By Diana Fujii


A forgotten 80s song pumps through the speakers as you open the doors and walk into The Fashion Institute of Technology’s new exhibit, Fashion Underground: The World of Susanne Bartsch. Colorful graffiti covers the walls and mannequins draped in costume-like dresses greet visitors. I am transported immediately to another world, and an unfamiliar one at that: this is my first encounter with Susanne Bartsch. I stop to read exhibit curator Valerie Steele’s artist’s statement on the front wall and I soon discover that she is known for her conspicuous Swiss accent and is called the “Queen of the Night.” Bartsch is a woman who has created a space of artistic convergence for people of all walks of life. Whether they be from uptown or downtown, gay or straight, art or fashion professionals, Bartsch’s extravagant parties and charismatic personality foster an environment of unabashed creative expression.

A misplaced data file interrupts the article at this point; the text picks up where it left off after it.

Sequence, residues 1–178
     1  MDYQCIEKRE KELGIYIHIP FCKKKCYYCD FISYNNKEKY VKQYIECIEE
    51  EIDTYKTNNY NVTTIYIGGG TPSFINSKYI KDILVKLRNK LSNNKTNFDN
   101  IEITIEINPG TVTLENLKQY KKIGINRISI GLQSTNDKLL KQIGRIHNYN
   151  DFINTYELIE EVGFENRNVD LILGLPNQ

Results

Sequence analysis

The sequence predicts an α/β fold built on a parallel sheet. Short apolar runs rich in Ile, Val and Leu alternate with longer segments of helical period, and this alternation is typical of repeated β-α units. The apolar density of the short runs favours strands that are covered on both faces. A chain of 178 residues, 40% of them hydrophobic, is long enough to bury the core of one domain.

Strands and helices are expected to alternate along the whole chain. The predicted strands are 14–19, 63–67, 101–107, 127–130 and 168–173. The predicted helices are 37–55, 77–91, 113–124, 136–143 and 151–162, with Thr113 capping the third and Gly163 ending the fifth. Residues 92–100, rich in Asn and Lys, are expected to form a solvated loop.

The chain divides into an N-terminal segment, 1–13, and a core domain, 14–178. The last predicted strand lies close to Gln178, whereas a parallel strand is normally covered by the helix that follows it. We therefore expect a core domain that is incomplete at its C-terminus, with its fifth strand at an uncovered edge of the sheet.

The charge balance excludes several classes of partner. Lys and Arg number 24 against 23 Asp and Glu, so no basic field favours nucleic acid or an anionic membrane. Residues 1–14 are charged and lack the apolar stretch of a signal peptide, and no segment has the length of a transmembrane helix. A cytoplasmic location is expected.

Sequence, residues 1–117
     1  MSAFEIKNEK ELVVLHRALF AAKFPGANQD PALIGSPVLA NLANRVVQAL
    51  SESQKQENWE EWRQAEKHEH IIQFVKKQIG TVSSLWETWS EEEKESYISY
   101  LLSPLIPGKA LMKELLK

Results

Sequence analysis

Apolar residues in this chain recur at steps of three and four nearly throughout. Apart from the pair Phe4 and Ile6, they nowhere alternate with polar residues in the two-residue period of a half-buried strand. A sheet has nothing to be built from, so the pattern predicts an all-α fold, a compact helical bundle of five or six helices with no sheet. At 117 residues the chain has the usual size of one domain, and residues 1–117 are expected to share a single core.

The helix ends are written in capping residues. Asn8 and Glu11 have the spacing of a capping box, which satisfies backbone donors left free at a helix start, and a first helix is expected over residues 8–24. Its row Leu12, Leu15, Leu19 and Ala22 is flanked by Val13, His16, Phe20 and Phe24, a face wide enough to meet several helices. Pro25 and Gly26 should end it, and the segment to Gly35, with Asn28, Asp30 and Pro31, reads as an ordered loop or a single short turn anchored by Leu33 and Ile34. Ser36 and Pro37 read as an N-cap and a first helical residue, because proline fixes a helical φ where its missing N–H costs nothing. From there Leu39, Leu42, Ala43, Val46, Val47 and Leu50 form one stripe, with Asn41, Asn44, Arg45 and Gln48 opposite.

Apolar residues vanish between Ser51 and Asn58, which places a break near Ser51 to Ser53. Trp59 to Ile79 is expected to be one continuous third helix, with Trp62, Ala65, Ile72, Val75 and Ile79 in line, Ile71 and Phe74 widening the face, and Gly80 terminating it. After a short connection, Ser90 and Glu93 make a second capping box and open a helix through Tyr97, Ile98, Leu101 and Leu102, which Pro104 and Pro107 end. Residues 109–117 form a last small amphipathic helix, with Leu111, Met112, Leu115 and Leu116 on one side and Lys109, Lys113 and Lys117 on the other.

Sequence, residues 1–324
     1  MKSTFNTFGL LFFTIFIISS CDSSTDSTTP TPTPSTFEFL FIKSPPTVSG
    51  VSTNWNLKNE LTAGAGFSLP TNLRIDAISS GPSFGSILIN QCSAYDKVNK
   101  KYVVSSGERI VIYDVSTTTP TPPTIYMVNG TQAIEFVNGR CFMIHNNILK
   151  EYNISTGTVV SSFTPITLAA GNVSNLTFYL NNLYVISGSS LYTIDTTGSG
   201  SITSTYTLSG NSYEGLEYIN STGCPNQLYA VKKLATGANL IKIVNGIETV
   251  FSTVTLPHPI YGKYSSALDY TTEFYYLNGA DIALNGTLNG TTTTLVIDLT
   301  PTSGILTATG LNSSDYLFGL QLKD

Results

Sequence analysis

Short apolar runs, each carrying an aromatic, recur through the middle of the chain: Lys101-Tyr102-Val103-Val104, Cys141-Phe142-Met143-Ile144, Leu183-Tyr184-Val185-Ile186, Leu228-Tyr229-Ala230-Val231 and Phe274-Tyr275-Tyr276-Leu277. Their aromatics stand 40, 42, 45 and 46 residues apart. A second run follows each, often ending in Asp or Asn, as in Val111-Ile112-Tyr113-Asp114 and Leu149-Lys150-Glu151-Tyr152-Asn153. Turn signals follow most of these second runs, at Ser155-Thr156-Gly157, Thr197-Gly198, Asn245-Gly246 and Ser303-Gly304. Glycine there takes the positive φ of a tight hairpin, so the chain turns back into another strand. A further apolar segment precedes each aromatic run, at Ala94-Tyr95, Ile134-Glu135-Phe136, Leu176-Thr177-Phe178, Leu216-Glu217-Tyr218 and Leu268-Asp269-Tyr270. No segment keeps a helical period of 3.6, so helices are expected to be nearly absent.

As I walk into the larger room, I see mannequin after mannequin dressed in the most lavish pieces of clothing; clothing sells it short. Art is what most of these pieces are. The collection ranges from the work of lesser known designers, like Pam Hogg to legends like Alexander McQueen and Rick Owens. Although overwhelming at times, I leave the exhibit feeling like a friend of Bartsch, a companion in ribaldry and a worshipper of wearable art. Bartsch’s collection illuminates the type of person she is: unique, inspiring and perhaps a little crazy. So, in honor of the “Queen of the Night,” next time I go out I plan to adopt some of her panache and of course, a lot of her crazy.